JR meanwhile squatted by the side of the road and told his supporters that he would continue his march and in an exhibition of ‘Gallery Sellama,’ said that he had written his will before starting out. JR requested his supporters to go back. However, predictably, the UNP supporters would not accept JR’s stance and urged that all of them retreat with honour.
Subsequently JR was told that the march was totally banned and no individual would be allowed to proceed on foot. So JR called off the march officially.

Four buses of the Ceylon Omnibus Company were called and the remaining 70-75 UNP members including JR got in and started out for Colombo at about 12:30 p.m. Police escort was provided. Thus ended the infamous Kandy March of JR.
Thereafter S.D. Bandaranayake was described on political platforms as the ‘Imbulgoda Veeraya’ or ‘Hero of Imbulgoda.’ SD himself called it a people’s victory and said that he had initially blocked the march with only 12 people and that gradually hundreds of people had flocked in support voluntarily.
The scheduled rally in Kandy was held as planned on October 8. Both JR and Dudley spoke but the attendance was not large.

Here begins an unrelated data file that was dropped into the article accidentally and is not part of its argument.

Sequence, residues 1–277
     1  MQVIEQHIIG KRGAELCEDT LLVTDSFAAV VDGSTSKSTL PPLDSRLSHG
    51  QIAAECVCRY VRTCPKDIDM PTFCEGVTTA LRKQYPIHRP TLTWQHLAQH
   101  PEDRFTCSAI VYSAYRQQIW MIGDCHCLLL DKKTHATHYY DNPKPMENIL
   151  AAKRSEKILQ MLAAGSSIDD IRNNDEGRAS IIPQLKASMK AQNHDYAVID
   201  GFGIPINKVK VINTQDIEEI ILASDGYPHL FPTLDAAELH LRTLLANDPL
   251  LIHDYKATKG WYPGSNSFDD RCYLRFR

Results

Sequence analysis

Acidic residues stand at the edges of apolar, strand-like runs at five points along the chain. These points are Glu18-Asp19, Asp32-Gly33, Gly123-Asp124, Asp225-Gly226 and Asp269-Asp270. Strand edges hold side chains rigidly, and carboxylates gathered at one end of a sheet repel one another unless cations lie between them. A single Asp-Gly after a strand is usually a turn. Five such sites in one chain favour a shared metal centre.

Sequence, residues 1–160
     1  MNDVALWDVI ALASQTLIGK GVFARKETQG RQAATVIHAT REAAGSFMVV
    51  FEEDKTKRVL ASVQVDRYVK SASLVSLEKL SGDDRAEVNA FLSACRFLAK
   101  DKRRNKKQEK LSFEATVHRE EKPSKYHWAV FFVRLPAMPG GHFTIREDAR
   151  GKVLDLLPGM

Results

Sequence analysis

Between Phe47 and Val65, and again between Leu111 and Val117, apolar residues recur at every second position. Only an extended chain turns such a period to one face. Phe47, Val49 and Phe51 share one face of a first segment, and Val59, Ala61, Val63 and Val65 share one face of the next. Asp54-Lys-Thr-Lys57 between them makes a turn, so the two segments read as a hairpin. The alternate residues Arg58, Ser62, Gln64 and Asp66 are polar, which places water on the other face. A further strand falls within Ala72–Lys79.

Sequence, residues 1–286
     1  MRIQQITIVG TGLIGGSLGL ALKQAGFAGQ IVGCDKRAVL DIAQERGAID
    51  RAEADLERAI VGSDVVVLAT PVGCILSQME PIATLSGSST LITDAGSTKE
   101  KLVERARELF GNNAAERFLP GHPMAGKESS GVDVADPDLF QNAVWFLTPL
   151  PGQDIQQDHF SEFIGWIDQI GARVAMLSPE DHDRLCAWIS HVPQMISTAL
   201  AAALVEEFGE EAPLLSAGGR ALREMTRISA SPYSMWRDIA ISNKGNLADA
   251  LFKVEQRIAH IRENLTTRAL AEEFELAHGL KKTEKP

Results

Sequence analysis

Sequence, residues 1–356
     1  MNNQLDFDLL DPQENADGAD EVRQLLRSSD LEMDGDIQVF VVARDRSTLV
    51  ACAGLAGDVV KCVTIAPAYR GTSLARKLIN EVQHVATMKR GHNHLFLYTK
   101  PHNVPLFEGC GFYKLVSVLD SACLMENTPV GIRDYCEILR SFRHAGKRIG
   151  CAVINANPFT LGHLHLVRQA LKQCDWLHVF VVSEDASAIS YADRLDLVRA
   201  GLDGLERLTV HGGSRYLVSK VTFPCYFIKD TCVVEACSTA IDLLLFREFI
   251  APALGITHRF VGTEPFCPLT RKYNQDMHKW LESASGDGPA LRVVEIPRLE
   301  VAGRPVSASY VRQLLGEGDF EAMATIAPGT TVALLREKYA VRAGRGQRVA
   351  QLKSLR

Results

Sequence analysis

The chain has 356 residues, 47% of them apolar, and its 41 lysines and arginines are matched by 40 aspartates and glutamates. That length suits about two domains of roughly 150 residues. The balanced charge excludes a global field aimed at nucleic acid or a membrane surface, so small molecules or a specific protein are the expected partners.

Though the Kandy March was aborted, the event was a watershed in the sense that it focussed negative attention on the B-C pact effectively.
JR’s Kandy March was the forerunner that helped foment adverse public opinion against the B-C pact. Ultimately Bandaranaike abrogated the pact unilaterally and tore up a copy of it in front of demonstrators.

When I was working for Virakesari, I used to cover the then State Ministry. Anandatissa de Alwis was State Minister then. Being an ex-journalist, de Alwis used to get along well with scribes, unlike those in charge of media nowadays.
Once I read somewhere that Anandatissa too had participated in the Kandy March. When I asked him about it he seemed very embarrassed.

He said that the move seemed very reasonable to him at that time but with the passage of time he had come to regret it. He said that many in the UNP felt remorse about it now. I then asked him whether the President (JR) too felt that way, to which the diplomatic Anandatissa replied he did not know.

But I do recall that JR was asked a question about the Kandy March at a rally in the Jaffna esplanade when he visited as Opposition Leader in 1975. JR was bold and honest enough to say that he would lead a similar march to Kandy again if similar circumstances warranted it. Jaffna SLFP Mayor Alfred Duraiyappa’s supporters then used it as a pretext to disrupt the meeting.
This then is the story of JR’s Kandy March and how S.D. Bandaranayake helped stop it and became known as the ‘Imbulgoda Veeraya.’ The ultimate casualties were the B-C pact in particular and ethnic harmony in general.

(D.B.S. Jeyaraj can be reached at djeyaraj@federalidea.com)